Research and Analysis
2014 Pacific Gyre Voyage
Captain Charles Moore (Algalita founder), together with the Algalita Marine Research Institute, will embark on a research expedition to the North Central Pacific Gyre in July 2014. This voyage commemorates the 15th Anniversary of our first expedition.
Replicating sampling conducted at our original eleven stations in 1999, 2008 and 2009, the ultimate goal is to evaluate long-term trends and changes in the Gyre by merging data collected over the past 15 years with new 2014 data.
For thirty days, the research crew aboard the Ocean Research Vessel, Alguita, will live amongst debris in this accumulation zone, also collecting relevant data regarding the creatures that make this plastic-polluted part of the Pacific Ocean their home. The persistence and quantity of plastic debris in the world's ocean gyres has resulted in the creation of new habitats, essentially becoming mid-ocean plastic “reefs”.
We will journey to the center of one of these new plastic worlds in the North Pacific Gyre to observe and document this artificial eco-system. Through analysis of water, fish and invertebrate samples, we will endeavor to determine the extent to which this habitat mimics a new inherently toxic coastline.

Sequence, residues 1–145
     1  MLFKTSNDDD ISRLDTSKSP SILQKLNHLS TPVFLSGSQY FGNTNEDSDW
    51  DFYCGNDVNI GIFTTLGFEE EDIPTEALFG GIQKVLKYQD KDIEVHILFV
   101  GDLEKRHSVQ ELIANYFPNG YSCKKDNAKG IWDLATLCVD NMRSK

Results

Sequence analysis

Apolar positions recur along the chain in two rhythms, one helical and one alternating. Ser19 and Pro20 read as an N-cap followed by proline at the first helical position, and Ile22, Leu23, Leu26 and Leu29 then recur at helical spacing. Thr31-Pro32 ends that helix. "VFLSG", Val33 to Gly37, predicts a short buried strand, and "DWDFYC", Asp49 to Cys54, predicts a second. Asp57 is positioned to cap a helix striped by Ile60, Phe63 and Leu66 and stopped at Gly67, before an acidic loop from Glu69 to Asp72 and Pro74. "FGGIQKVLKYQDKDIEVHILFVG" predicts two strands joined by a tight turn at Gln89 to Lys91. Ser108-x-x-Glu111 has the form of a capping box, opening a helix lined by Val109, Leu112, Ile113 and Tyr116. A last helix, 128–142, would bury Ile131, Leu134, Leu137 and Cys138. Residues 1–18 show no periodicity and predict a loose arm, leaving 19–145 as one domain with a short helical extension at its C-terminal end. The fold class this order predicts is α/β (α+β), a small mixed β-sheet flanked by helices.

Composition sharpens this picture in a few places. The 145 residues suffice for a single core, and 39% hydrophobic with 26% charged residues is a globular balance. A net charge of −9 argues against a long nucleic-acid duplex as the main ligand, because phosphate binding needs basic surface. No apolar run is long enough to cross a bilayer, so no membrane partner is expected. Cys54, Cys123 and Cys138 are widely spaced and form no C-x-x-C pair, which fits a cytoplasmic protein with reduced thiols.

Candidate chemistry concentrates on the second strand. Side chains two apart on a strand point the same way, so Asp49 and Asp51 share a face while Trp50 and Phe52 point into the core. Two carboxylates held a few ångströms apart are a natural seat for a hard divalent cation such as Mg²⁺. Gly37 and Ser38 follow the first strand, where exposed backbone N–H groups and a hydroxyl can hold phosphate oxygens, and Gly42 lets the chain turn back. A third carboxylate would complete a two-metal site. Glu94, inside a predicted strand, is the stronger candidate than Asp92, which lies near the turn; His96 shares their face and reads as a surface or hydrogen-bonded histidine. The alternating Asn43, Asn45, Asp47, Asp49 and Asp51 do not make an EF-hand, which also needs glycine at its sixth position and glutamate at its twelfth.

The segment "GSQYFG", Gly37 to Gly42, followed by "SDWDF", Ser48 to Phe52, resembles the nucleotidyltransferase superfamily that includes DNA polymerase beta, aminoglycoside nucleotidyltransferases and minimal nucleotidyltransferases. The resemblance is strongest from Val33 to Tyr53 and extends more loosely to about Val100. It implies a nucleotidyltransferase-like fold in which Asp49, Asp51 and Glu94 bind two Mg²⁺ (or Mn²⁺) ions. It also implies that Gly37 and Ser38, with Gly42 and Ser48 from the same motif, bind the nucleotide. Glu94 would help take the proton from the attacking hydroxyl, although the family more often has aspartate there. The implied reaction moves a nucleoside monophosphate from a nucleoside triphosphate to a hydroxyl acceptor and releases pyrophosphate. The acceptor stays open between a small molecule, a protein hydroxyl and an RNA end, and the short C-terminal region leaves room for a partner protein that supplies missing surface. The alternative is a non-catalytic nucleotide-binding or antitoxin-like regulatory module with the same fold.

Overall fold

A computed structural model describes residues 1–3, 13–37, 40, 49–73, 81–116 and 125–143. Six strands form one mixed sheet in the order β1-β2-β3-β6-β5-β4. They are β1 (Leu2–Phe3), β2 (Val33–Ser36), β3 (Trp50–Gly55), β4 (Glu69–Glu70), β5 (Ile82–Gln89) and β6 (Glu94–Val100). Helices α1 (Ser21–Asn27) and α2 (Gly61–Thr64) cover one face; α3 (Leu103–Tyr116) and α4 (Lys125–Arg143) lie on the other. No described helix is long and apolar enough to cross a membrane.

The expedition will once again employ our Ship 2 Shore blog program while at sea, communicating with students and engaging the educational community.
Alguita undergoing refit in preparation for voyage
Why study plastic pollution?
Contamination of the world's oceans by plastic pollution is a growing problem. Plastics, like diamonds, are forever! Because plastics do NOT biodegrade, no naturally occurring organisms can break these polymers down. Instead, plastic goes through a process called photodegradation, where sunlight breaks down plastic into smaller and smaller pieces. Most plastic floats near the sea surface where it is often mistaken for food by birds and fishes. When plastic debris meets the sea its persistence wreak untold havoc in the ecosystems. Other marine debris can injure coral reefs and bottom dwelling species and entangle or drown ocean wildlife. Some species ingest plastic, potentially causing choking or starvation.
Frequently Asked Questions
Plastic Pollution and the North Pacific Subtropical Gyre
Find the answers to some of the most common questions about plastic pollution and the North Pacific Subtropical Gyre. Read our FAQs page >>.
Websites — Videos — Blogs — Books — Scientific Papers
Websites - Government Agencies and Publications
UNEP - United Nations Environment Programme
UNEP Year Book 2011 - Plastic Debris in the Ocean
GESAMP - Microplastic Report
SCCWRP - Southern California Coastal Water Research Project
NOAA - National Oceanic and Atmospheric Administration
My Plastic-free Life - Chronicles the daily adventures of a woman learning how to rid everday life of plastic.
Boogie Green - Research and writings by Dr. Sarah "Steve" Mosko about the issues of pollutants of the Plastic Age